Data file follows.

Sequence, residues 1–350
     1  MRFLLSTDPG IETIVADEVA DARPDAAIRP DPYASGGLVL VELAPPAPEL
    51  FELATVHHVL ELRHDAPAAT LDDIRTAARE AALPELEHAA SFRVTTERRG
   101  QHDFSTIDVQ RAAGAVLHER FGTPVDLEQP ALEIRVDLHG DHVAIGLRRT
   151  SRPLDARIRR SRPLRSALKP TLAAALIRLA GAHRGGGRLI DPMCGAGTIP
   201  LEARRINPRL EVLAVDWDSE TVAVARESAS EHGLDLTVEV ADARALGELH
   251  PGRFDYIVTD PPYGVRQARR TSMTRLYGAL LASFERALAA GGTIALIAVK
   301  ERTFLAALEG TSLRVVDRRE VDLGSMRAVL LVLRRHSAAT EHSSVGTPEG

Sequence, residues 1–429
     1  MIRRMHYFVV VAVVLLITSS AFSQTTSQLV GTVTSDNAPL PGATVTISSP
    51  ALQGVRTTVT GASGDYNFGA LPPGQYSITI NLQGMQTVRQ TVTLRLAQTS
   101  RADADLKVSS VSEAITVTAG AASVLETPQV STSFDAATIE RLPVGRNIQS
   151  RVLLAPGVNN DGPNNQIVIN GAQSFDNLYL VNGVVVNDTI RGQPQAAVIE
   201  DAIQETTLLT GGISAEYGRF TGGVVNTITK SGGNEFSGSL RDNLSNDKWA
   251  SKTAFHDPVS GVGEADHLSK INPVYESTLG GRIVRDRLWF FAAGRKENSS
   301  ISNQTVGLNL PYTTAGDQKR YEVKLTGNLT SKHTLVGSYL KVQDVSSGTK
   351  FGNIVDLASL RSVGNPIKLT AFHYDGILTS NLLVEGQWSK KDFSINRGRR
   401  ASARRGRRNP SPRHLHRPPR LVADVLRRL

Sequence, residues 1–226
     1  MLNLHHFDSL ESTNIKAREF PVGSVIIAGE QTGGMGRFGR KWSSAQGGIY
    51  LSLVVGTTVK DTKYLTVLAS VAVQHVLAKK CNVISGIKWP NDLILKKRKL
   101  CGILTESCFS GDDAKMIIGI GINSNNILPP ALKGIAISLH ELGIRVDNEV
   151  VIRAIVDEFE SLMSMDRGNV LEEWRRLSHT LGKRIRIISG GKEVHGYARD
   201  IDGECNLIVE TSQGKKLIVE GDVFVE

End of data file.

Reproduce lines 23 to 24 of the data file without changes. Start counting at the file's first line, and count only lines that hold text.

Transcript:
   151  VIRAIVDEFE SLMSMDRGNV LEEWRRLSHT LGKRIRIISG GKEVHGYARD
   201  IDGECNLIVE TSQGKKLIVE GDVFVE